But I think we need to take a step back.

First, while Johnson gives a list of some of the interrogations conducted by HIG, it’s not comprehensive (for example, it doesn’t include Umar Farouk Abdulmutallab, with whom HIG was used in an ad lib capacity — it had just started; and it doesn’t include Manssor Arbabsiar). And it’s not clear we would know every time HIG gets used. For example, there were unnamed officials present at Ibragim Todashev’s death; given that we know HIG was used from the start with Dzhokhar Tsarnaev, it’s fair to at least ask whether any HIG members were present, and whether they remained in the room when Todashev was killed.

That expanded list of HIG interrogees quickly gets you to the question of consequences for HIG interrogees. Just from this possible list, you get questions such as,

  • If HIG was present at Todashev’s interrogation did they have a role in his killing?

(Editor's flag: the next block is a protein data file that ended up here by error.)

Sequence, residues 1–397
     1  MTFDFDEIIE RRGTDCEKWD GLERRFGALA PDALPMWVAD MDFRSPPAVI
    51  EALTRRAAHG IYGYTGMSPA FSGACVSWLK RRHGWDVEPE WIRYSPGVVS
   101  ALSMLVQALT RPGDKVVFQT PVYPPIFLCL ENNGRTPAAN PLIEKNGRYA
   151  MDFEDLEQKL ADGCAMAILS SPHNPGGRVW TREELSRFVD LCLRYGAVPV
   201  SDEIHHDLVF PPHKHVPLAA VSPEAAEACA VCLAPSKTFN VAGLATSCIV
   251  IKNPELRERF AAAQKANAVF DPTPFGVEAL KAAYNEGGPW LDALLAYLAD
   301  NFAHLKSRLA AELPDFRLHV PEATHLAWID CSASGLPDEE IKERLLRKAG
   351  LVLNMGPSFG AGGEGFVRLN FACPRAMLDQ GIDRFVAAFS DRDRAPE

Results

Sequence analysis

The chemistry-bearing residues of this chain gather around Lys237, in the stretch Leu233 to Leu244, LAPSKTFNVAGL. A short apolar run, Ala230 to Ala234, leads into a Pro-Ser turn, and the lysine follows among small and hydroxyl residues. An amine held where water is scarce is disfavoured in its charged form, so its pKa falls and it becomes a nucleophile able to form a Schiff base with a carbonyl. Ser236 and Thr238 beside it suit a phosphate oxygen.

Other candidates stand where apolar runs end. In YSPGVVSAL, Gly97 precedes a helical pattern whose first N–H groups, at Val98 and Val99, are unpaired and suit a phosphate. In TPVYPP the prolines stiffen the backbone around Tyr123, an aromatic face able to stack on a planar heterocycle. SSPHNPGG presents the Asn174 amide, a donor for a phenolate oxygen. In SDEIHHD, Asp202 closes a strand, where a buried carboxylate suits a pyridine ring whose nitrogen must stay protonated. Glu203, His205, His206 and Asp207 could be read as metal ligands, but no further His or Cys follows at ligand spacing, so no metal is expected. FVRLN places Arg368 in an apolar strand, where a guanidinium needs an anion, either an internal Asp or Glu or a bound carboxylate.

• Al-Libi was brought to New York because of health problems attributed to his choice to stop eating and drinking; did HIG use any food manipulation before this?
  • While I expect him to lose, Abdulmutallab’s appeal on competency grounds remains active; did HIG-induced solitary tip Abdulmutallab over the edge, as his appeal claims (he was reportedly not-altogether there when first detained)?

And these issues, plus the refusal of lawyers for Dzhokhar all could endanger convictions — and certainly, death penalties (which has already been taken off the table in al-Libi’s case) — in these cases.

Then there’s the question of what we’re after: the truth, or exploitation?

I’ve written about exploitation and HIG here, and Jason Leopold and Jeff Kaye showed how that — not necessarily truthful intelligence — was the goal of the torture program.

Exploitation is the use of interrogations not just to get intelligence, but also to support propaganda and/or generate informants. If exploitation is HIG’s goal, we might raise questions about whether both Abdulmutallab and Tsarnaev really implicated Anwar al-Awlaki of their own accord. In the former case, both non-HIG confessions did not implicate Awlaki as anything but an inspiration. In the latter, we know Tamerlan was also influenced by right wing propaganda. If exploitation is the goal, should we really believe the government story about the Scary Iran Plot, particularly given that most details of the “plot” — such as the restaurant targeted in Georgetown — came from our informant in the first place?